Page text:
Extreme devaluation: The Argentine currency is already worth more for its metal than as a means of payment

Advertisements proliferate on the internet to buy pesos and then melt them down. The country ended April with year-on-year inflation of 59%.

RIO DE JANEIRO, BRAZIL - The uncontrolled inflation and the continuous currency devaluation that Argentina has suffered for decades has meant that the peso, that country's currency, is worth more for the metals it contains than for the purchase of goods and services. This phenomenon, which began a couple of years ago when the first ads appeared on the internet for people interested in buying coins to melt them down, has worsened after the start of the Russian invasion of Ukraine.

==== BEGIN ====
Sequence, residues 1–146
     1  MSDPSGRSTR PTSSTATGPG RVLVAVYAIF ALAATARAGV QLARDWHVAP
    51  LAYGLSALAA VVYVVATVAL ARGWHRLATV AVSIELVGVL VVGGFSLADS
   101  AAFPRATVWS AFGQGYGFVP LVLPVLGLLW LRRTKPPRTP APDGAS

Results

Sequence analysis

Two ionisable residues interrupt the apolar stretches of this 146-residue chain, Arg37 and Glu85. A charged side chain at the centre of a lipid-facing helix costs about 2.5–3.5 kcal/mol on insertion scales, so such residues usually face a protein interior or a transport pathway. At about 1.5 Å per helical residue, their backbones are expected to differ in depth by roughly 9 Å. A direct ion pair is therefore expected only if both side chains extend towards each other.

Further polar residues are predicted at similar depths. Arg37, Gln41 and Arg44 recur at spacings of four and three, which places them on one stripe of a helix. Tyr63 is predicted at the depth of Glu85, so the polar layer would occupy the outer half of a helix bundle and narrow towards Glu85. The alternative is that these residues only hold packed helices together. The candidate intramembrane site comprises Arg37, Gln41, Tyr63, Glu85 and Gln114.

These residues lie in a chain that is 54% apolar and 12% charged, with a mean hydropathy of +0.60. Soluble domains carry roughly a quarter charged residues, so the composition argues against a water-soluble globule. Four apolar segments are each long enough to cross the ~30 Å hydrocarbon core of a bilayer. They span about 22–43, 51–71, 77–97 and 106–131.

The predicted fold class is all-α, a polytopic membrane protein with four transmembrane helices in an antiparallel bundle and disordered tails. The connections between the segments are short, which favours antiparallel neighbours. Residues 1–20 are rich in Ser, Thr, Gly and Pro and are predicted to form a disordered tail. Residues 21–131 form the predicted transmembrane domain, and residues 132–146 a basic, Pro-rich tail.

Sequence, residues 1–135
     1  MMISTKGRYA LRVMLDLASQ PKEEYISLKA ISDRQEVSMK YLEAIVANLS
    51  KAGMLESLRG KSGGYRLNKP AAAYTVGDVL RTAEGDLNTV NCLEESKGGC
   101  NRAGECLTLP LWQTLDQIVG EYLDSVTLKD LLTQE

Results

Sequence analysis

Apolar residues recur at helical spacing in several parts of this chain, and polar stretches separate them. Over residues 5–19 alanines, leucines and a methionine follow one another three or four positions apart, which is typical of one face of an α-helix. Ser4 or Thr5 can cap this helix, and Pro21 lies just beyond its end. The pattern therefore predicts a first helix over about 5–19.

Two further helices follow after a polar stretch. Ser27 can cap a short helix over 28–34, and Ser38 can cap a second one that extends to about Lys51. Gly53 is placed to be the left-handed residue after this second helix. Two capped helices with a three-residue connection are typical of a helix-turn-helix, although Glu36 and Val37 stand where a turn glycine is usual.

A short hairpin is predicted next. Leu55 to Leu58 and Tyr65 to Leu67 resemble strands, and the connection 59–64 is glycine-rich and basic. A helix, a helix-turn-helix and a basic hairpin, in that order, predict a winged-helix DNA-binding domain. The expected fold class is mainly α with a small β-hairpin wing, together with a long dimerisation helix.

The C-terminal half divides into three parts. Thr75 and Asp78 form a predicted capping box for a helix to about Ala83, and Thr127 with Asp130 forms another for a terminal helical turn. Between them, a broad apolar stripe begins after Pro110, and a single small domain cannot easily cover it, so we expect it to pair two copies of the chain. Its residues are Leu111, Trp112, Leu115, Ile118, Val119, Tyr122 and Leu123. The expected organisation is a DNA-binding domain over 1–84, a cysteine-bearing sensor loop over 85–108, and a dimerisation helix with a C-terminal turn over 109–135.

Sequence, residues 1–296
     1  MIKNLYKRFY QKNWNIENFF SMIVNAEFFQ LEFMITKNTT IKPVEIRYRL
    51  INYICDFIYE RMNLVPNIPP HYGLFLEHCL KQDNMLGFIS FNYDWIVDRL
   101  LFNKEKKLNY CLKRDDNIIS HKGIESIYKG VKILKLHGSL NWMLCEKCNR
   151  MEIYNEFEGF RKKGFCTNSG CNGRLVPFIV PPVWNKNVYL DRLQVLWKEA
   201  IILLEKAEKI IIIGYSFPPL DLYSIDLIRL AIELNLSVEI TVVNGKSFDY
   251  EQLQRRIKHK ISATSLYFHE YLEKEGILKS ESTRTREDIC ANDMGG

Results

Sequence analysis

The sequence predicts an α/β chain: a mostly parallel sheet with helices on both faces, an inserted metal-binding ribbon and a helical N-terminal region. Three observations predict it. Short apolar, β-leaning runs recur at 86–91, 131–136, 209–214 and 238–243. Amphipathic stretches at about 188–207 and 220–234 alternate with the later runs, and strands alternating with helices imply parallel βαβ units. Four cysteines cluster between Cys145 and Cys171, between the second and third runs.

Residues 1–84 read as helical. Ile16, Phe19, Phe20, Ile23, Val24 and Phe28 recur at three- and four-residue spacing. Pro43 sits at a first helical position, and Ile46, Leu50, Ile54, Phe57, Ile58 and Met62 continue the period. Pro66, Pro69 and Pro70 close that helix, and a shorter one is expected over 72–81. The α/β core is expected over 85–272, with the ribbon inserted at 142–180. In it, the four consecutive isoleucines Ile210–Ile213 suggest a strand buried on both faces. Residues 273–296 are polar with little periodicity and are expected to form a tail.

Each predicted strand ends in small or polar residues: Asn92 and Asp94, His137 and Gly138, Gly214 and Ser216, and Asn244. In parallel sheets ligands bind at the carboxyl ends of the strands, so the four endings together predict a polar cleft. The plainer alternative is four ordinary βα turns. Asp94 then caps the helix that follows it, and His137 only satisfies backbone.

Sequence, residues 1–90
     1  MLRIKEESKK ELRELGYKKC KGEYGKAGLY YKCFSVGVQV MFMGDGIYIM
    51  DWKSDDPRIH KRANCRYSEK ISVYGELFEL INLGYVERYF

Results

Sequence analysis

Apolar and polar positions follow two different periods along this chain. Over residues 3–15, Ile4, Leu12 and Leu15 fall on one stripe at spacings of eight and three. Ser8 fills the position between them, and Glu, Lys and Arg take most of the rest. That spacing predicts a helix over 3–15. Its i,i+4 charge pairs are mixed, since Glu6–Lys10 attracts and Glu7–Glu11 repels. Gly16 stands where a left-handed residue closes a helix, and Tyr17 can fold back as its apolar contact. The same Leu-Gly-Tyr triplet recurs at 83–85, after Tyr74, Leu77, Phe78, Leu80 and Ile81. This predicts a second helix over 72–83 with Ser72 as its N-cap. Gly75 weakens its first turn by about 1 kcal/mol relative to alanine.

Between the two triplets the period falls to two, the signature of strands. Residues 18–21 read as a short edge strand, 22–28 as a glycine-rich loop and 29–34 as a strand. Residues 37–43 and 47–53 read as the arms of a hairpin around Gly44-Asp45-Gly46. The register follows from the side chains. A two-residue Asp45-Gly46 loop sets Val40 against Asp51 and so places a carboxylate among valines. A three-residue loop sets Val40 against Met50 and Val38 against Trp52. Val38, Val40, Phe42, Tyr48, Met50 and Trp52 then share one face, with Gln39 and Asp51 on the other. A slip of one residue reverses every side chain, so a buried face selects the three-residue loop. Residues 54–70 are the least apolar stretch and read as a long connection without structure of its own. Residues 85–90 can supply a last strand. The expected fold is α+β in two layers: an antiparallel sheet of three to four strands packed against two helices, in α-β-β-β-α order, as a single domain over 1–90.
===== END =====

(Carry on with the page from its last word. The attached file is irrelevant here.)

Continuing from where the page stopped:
The military conflict has caused high volatility in the value of raw materials such as nickel, a metal present . . .

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